Make no mistake, Donald Trump is temperamentally, intellectually, and morally unfit to serve as commander-in-chief. His ignorant and bellicose position on nuclear weapons makes him a potentially existential threat to life well beyond America’s borders. Still, even Trump’s more vociferous opponents should know what they’re getting when they gamble on Biden: nothing more than a polite emperor to replace the rather coarse and clothes-less current occupant of the throne.

Even if he’s preferable on some individual foreign policy issues, Biden has never questioned the imperium itself. That he won’t change his spots and suddenly do so, is undergirded by the fact – as Chris Hedges recently pointed out – that "the ruling elites would prefer Biden" over the "vulgar embarrassment" of Donald Trump. Thus, selecting an emperor – given a presidency long unfettered by constitutional checks and balances – amounts to a matter of taste; of style over substance.

The "masters of the universe" that Hedges describes aren’t remotely troubled by reliable, known-quantity-Joe’s sordid foreign policy past. Neither, apparently, are Washington insiders, mainstream media pundits, or – if we’re being honest – most common citizens. There’s certainly been no penalty for Biden – or anyone else – being repeatedly dead wrong on the most decisive decisions a leader can make. American politics positively reinforces failure.

In even a marginally healthy republic, Biden’s championing of the Iraq War alone – and decades worth of pathological lying about that record – ought to have disqualified him. That it hasn’t exposes – like the COVID crisis – the structural and societal rot undergirding this country. Among the senior ranks of politicians, soldiers, and corporate oligarchs, obvious and undeniable failure carries few consequences. Blame and punishment is reserved for the lowest level of practitioners whilst power and profits continue to accrue to existing national security elites.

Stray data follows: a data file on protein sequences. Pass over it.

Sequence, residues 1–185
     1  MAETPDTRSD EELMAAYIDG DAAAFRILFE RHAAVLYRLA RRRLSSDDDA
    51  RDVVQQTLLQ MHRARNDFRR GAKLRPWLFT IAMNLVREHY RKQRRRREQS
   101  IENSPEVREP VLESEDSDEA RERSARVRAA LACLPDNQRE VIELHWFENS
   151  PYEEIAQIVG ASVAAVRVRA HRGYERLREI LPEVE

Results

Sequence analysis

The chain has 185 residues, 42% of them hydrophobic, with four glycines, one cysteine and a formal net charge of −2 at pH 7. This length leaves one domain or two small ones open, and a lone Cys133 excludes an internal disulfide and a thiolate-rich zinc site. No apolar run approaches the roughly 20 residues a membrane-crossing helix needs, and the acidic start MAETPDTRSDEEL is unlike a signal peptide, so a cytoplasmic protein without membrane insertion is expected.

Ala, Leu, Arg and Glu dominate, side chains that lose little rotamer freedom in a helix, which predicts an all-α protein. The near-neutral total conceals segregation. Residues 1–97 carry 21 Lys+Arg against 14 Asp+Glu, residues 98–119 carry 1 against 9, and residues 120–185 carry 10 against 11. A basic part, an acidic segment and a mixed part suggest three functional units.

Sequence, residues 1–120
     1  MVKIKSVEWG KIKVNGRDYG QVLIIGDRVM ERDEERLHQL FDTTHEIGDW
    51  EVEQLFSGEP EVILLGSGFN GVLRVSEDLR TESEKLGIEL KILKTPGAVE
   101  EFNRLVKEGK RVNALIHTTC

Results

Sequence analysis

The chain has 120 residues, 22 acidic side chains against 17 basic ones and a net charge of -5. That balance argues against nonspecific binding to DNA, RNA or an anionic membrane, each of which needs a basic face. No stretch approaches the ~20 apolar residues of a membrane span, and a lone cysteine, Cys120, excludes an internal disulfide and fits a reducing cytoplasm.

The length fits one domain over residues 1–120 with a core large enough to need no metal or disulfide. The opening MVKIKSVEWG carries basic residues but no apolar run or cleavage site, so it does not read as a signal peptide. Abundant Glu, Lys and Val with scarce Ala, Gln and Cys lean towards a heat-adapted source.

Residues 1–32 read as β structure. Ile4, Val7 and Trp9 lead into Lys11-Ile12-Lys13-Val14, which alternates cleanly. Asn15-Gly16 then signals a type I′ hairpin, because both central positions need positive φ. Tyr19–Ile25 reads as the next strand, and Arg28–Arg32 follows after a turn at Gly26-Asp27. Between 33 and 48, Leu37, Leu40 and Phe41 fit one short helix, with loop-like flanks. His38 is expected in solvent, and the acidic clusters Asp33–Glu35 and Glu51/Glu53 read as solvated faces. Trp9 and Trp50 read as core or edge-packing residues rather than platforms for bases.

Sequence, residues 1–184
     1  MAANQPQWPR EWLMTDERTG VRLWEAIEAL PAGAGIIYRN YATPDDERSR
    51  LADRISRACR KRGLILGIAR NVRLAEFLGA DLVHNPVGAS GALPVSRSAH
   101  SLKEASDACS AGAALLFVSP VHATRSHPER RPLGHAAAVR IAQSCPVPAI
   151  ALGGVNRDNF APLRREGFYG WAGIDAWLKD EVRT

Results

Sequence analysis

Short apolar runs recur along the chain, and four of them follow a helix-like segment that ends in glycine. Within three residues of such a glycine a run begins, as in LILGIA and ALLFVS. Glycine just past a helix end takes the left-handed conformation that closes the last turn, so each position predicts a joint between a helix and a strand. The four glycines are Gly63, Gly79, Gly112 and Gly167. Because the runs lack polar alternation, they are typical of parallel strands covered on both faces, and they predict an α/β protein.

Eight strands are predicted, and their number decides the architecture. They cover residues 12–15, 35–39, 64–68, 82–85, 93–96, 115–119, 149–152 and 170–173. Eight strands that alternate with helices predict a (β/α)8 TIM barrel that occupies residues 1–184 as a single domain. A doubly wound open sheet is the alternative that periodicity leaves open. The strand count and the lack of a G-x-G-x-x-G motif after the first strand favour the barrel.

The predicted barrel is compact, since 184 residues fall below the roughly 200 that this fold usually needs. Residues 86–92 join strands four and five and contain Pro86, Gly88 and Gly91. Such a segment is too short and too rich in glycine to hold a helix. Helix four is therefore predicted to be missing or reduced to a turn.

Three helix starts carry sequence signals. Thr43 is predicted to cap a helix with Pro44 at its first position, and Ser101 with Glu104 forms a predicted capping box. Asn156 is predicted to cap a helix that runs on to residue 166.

In contemporary America, there’s zero accountability for top policymakers – even those a heartbeat away from the presidency – who repeatedly gamble soldiers (and foreigners) lives in far-flung adventures and regularly lose big. Neoconservative and neoliberal militarist leaders who drummed up disasters like the 2003 Iraq invasion should’ve been forever discredited. Instead, they’ve been laundered like dirty money, rehabilitated, and born-again as expert analysts on CNN or MSNBC. These, of course, being the very networks that – in the case of the Bush-era figures, at least – once lambasted them. As for the real heavy-hitters – Iraq cheerleading Biden and Libya regime change architect Hillary Clinton – the Democratic Party "opposition" runs them for president.

The narrowness of permitted debate on US war policy – and of the electoral options the two-party duopoly provides – is obscene. It’s also proof positive that real challenges to American militarism must come from outside the system. At stake this November is more than what some sardonically call "choosing between two rapists.” What’s really on the ballot is the minor matter of emperor selection. And the choices ain’t great. Throughout his nearly 50 years of senior-level public service, Biden consistently made high-stakes war wagers – playing on credit with blood and treasure. So far his losses amount to $6.4 trillion in taxpayer cash, more than 7,000 dead troopers, 21 million refugees, and 335,000 civilian lives.

With that sort of track record at the life-and-death tables, Biden should really seek a meeting. Instead, he’s become the last great white hope of polite liberals everywhere. And make no mistake, this doesn’t end well. So be careful gambling on Biden. Like Joe betting his vice presidency on Iraqi elections, it might be a sure loser.

Danny Sjursen is a retired US Army officer and contributing editor at Antiwar.com. His work has appeared in the NY Times, LA Times, The Nation, Huff Post, The Hill, Salon, Popular Resistance, and Tom Dispatch, among other publications. He served combat tours with reconnaissance units in Iraq and Afghanistan and later taught history at his alma mater, West Point. He is the author of a memoir and critical analysis of the Iraq War, Ghostriders of Baghdad: Soldiers, Civilians, and the Myth of the Surge. His forthcoming book, Patriotic Dissent: America in the Age of Endless War is now available for pre-order. Sjursen was recently selected as a 2019-20 Lannan Foundation Cultural Freedom Fellow. Follow him on Twitter @SkepticalVet. Visit his professional website for contact info, to schedule speeches or media appearances, and access to his past work.

Copyright 2020 Danny Sjursen